Corollary 1 – A sufficient condition for program triviality is that it have no bugs.
Corollary 2 – At least one bug will be observed after the author leaves the organization.
Corollary – A subtle bug will modify storage thereby masquerading as some other problem.
A ‘debugged’ program that crashes will wipe out source files on storage devices when there is the least available backup.
No matter how hard you work, the boss will only appear when you access the Internet.
[connection reset – error message 928 ]
Any problem, no matter how complex, can be found by simple inspection.
Corollary: A nagging intruder with unsought advice will spot it immediately.
The conclusion of the last two laws: Every non trivial program can be simplified to one line of code, and it will contain a bug.
So if your code is as clever as you can possibly make it, then by definition you’re not smart enough to debug it.
for any given software, the moment you manage to master it, a new version appears.
The new version always manages to change the one feature you need most.
Corollary: Marketing should not be located in the same city – much less on the same campus – as Engineering and/or Programming.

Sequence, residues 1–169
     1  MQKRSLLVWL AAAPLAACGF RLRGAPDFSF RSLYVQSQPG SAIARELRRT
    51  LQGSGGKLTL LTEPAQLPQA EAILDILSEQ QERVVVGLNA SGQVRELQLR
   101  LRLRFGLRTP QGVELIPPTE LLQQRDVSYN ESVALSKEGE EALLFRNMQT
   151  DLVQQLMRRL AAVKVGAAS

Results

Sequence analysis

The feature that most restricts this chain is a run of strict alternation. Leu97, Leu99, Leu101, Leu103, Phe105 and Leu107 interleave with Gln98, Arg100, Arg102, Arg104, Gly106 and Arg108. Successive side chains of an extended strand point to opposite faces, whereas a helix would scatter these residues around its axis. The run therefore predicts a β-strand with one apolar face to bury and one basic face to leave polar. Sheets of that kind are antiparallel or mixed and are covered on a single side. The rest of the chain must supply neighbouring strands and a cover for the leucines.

End-users’ Corollary 1: most application failures occur between the hours of 2 and 4 am on a Sunday night – with a 6 am Monday deadline for the project.
End-users’ Corollary 2: On the graveyard shift, there’s no Tech Support to hear you scream!
corollary: If you call another programmer over to see if he knows what’s wrong the bug disappears.
If it works, it’s production. If it doesn’t, it’s a test.
Real programmers don’t comment their code. If it was hard to write, it should be hard to understand.
A computer that has been on the market for 6 weeks is still usable as a boat anchor.
The best way past a pesky security feature is a 13-year-old.
A computer that has surpassed its user’s frustration capacity (FC) will accelerate downwards at 9.8 meters per second squared.
Whenever you install a group of plugins one by one just to find out which one can make your software work, you either haven’t gotten the right one, or have accidentally skipped the right one or it has become the last one installed.
Corollary: If its not their fault – Blame them anyway 🙂
Corollary: ACPI shutdown (sometimes faster to get to than the plug) does not always work.
Corollary: ACPI shutdown will fail most frequently when you run the risk of being caught doing something.
(On submission problem was insomnia… zzzzzz)
Walking on water and developing software to specification are easy as long as both are frozen.
Investment in software reliability will increase until it exceeds the probable cost of errors.